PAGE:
11. I think we have to differentiate between anointing an heir and that heir actually taking the throne. Rhaenys and her children remain in the game until Viserys I is crowned king. Then they are still a powerful faction but they are no longer seen as real rivals to Viserys I and his branch. And we also have Viserys I making it clear to Rhaenyra that the king can change the succession how he sees fit when he forces her to marry Laenor. Once a king is crowned it would be weird to view a prince who has been passed over - and his descendants - as being at the top of the line of succession. It is a pity that we don't know what happened to Aerion's son Maegor - if he ever made an attempt to take the Iron Throne we could guess how good the claim of a prince was who was passed over. Prince Duncan's children - if they ever existed - were most likely seen as too lowborn to ever sit the Iron Throne. In that sense, Rhaegar's entire line is likely seen as being behind King Viserys III and his chosen heir, Daenerys, at least within the framework of legal argumentation. Now that Aegon has returned to Westeros, all he needs to do is prove his worth and claim by taking the Iron Throne from Tommen/Myrcella. Then everybody will worship no matter what Aerys II decreed once. One should note in that context that one version of the end of Elia and the royal children Yandel gives, is that Aerys II had them killed: The Mad King was clearly the kind of guy who would kill his kin rather than allow them to fall in enemy hands. Especially if said king had little more use for that kin than serve as hostages against the in-laws of his late eldest son.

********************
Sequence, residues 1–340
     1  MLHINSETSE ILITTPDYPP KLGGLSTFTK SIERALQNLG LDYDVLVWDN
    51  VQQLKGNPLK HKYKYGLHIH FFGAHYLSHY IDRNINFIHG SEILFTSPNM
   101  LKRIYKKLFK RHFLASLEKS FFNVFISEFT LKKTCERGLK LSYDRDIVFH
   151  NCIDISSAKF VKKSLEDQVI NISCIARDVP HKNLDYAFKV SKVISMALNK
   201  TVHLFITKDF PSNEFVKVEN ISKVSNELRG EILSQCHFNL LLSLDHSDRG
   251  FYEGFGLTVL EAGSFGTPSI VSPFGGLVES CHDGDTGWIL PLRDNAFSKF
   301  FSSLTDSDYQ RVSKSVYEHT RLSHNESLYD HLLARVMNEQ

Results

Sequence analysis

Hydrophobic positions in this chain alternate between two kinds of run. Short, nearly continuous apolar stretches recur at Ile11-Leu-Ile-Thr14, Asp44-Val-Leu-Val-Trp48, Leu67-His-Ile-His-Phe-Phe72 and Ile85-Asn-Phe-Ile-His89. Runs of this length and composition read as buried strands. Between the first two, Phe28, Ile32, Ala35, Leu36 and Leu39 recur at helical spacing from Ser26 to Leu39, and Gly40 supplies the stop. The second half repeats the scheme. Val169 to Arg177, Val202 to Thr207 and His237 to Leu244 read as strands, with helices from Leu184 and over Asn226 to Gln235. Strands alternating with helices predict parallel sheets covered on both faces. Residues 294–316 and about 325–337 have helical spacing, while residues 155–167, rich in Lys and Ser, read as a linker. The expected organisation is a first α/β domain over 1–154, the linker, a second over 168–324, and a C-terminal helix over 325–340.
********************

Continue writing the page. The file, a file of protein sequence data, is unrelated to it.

12. We have to differentiate there between Rhaegar's status after Duskendale - still the heir, but suspected to plot against the king with the help of Tywin and later the Starks -, Rhaegar at the beginning of the Rebellion - unclear, but perhaps rather controversial due to him and Lyanna going underground while the Realm literally burned around them -, and Rhaegar after his return to court - then the supreme commander of the loyalist armies, perhaps even have the office of the Protector of the Realm. That implies that Aerys turned around there, shedding the whole paranoia about Rhaegar plotting against him (the irony is that he was right there, at least to a point, in his interpretation of the tourney of Harrenhal). We see that beginning when Aerys apparently wanted to name Rhaegar as his new Hand after he fired Merryweather, turning to Jon Connington - Rhaegar's friend - only after he couldn't find Rhaegar. If Aerys and Rhaegar hadn't reconciled in some way after the latter's return Rhaegar would have never commanded the armies at the Trident. Aerys would instead have given the command to Chelsted, Selmy, or Darry, while burning Rhaegar as the traitor he thought he was. At that time Aerys II was no longer in a merciful mood. If it turned out that Rhaegar and Lyanna had to go underground because of Aerys seeing the abduction (and subsequent marriage, if it took place) as a sign that the grand rebellion against Aerys II led by Rhaegar was supposed to begin now, and if Brandon and Rickard and their companions had to die because they were seen as Rhaegar's co-conspirators - with Aerys insisting on the execution of Robert and Ned because they were seen as co-conspirators, too - then it is not unlikely that Rhaegar spent the first half of the Rebellion branded as an outlaw and traitor, only returning into the king's peace after his royal father realized that Rhaegar wasn't at the head of this rebellion, nor involved with them in any way. If that turns out to be how things are then chances are that Rhaegar may actually have not been Aerys' heir for quite some time - until he reconciled with his father. But the final decision of Aerys II does indeed involve the new heir after Rhaegar's death at the Trident. And there he ignored both Aegon and Rhaenys, and named Viserys the new heir instead. We should have long ago realized that Viserys was the new Prince of Dragonstone when he and Rhaella were sent there, and Aegon and Rhaenys had to remain as hostages against the Dornish in KL. A king seldom names the child he intends to use as a hostage his heir. That doesn't make any sense. And there are more than enough precedents favoring proximity over primogeniture if the eldest son of a king dies.